Supervisor Jane Kim has backed off from her earlier enthusiasm for opening up the entire South of Market to live entertainment permits and has proposed an extension of Supervisor Ross Mirkarimi’s legislation that will only impact South Park and the Sixth Street corridor for the time being. If the Western SoMa Community Plan is adopted as currently written, the legislation will also encompass the Folsom Street Neighborhood Commercial District, the area south of Harrison Street and possibly 9th and 10th Streets, which would be designated as a Regional Commercial District (RCD).
Mirkarimi’s legislation is called “Limited Live Performance” because the new low-cost permit would only allow entertainment until 10:00 p.m. for the first year and an hour or two later at the discretion of the Entertainment Commission. The legislation also prohibits deejays.
The stated purpose is to allow principally permitted uses such as cafes and restaurants to supplement their current business model with accessory entertainment such as “a live guitarist playing background music at a neighborhood restaurant.” The legislation itself defines entertainment as “any act, play, review, pantomime, scene, song, dance act, song and dance act, poetry recitation, fashion or style show, or the playing or use of any instrument capable of producing or used to produce musical or percussion sounds, including but not limited to, reed, brass, percussion, or string-like instruments.” It makes no distinction between amplified and non-amplified performances.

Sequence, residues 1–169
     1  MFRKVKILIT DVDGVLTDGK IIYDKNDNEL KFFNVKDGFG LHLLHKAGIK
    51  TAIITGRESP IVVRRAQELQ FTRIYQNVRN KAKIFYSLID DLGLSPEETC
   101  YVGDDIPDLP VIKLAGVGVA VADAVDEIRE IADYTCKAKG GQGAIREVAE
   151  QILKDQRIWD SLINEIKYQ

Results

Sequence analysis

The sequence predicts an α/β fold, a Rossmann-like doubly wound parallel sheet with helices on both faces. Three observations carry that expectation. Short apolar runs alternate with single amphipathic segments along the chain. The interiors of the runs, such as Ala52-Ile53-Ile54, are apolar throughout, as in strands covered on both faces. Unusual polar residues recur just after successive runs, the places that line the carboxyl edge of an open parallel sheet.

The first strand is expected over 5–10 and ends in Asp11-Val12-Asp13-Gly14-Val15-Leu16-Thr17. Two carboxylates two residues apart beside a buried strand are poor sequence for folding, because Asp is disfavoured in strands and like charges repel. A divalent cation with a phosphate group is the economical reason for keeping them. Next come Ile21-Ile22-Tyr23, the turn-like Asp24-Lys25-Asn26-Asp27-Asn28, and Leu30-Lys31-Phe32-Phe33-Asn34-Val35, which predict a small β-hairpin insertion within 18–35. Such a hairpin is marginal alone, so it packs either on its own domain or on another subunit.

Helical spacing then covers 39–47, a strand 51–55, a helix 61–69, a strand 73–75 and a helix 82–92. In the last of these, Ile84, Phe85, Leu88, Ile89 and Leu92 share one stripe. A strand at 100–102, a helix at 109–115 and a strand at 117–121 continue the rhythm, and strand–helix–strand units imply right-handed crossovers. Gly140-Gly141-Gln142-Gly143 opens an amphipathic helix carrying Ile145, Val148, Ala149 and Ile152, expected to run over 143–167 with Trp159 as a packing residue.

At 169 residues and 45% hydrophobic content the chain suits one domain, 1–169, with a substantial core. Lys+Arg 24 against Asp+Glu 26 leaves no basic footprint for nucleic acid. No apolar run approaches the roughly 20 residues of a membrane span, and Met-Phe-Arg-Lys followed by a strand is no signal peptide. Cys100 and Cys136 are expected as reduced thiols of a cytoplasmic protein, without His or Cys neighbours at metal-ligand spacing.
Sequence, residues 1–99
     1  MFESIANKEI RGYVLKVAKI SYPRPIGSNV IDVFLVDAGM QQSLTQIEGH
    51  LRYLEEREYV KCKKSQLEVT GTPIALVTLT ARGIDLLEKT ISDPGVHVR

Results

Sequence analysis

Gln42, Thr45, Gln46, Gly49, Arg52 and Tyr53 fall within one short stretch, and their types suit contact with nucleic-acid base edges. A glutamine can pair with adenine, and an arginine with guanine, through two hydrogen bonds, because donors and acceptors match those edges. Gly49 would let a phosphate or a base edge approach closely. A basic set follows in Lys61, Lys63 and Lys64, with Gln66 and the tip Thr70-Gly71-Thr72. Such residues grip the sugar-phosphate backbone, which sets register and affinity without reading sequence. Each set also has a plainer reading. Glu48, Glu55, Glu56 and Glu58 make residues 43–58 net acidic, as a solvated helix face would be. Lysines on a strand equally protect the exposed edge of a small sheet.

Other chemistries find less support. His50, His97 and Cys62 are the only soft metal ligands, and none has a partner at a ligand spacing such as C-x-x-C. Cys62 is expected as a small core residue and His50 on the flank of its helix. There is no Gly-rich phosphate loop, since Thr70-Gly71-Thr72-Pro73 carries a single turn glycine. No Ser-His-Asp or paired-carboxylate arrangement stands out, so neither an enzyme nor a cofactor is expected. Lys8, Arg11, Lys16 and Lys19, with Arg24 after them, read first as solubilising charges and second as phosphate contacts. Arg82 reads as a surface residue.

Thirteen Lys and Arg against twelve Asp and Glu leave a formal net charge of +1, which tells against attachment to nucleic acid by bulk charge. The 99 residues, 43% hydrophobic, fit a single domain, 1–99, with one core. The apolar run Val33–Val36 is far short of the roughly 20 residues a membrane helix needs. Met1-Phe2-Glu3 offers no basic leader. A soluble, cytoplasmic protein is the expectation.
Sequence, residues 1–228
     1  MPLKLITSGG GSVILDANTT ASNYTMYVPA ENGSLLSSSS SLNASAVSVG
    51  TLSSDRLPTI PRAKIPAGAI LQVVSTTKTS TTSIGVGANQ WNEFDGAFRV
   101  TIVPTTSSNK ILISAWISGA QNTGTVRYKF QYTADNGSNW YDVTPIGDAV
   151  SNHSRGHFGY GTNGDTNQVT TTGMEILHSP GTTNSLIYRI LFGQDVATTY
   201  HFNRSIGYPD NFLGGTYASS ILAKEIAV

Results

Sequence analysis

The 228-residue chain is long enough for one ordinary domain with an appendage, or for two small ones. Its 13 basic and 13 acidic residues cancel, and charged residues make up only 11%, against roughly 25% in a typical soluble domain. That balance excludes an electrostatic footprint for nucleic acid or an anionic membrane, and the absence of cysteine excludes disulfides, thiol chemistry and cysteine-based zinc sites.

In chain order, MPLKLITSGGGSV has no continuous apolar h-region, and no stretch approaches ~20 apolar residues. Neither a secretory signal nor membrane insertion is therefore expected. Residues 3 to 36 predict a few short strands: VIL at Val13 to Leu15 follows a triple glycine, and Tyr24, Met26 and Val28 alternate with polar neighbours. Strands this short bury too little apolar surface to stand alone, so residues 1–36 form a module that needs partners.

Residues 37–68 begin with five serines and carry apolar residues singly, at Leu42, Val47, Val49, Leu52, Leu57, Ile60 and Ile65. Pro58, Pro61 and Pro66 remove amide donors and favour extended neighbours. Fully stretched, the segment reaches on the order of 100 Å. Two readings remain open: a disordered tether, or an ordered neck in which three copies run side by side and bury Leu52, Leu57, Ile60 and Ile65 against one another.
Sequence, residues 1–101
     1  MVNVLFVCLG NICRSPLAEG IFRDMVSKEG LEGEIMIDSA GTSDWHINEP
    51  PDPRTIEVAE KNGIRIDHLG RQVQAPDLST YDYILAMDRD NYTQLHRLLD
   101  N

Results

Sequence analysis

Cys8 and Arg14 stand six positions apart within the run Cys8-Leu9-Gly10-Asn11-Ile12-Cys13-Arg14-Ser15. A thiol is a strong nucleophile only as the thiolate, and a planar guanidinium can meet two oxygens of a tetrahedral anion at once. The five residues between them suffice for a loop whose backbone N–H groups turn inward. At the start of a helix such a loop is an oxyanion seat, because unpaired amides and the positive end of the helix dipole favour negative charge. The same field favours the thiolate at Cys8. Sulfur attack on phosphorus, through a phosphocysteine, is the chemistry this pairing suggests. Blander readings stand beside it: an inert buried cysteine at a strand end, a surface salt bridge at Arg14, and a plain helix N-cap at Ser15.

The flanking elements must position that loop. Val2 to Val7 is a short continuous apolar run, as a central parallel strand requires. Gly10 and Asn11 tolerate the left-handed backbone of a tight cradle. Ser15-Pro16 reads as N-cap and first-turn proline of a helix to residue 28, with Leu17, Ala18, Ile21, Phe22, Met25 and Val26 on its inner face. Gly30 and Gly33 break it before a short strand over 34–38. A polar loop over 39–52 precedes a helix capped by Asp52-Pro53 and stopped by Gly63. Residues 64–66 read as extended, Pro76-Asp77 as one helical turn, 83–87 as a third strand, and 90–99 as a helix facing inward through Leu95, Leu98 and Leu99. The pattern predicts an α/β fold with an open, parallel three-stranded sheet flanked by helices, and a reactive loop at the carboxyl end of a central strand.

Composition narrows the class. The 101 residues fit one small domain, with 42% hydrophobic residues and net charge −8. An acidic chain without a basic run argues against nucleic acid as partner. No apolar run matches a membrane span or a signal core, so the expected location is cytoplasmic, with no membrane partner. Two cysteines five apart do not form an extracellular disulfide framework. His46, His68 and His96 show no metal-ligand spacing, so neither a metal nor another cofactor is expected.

Amplified music includes bands. Bands attract a following. Followers create noise and nuisance. The requirement in the legislation that noise is not to be audible outside the venue is unenforceable and the new permit does not require a security plan. The spin is that this is a low impact form of entertainment. The reality is that it is going to require as much regulation as any entertainment — which the Entertainment Commission lacks the capacity to provide — all at a fraction of the cost of a Place of Entertainment permit.
Mirkarimi has been criticized for his lack of outreach to neighborhood organizations. Legislative aide Rob Selna, formerly a reporter at the San Francisco Chronicle, has concentrated on building support among small businesses. The South of Market Business Association (SOMBA) enthusiastically embraced the legislation and has lobbied hard to allow the use everywhere in SoMa. The legislation was heard at the Land Use Committee of the Board of Supervisors on Monday. Mirkarimi’s office made no attempt to inform concerned neighbors of the hearing.
Supervisor Kim consulted with several SoMa community leaders and attempted to tailor her most recent recommendations to ameliorate their concerns. The most common complaint expressed is a strong preference to limit the activity to no later than 10:00 p.m. Nothing in the current version of the legislation addresses this concern.
This so-called “Limited Live Performance” permit will cost applicants $385 for the first year and $139 a year for an annual renewal, which is far more attractive to small businesses than the $1500 currently required for a Place of Entertainment permit.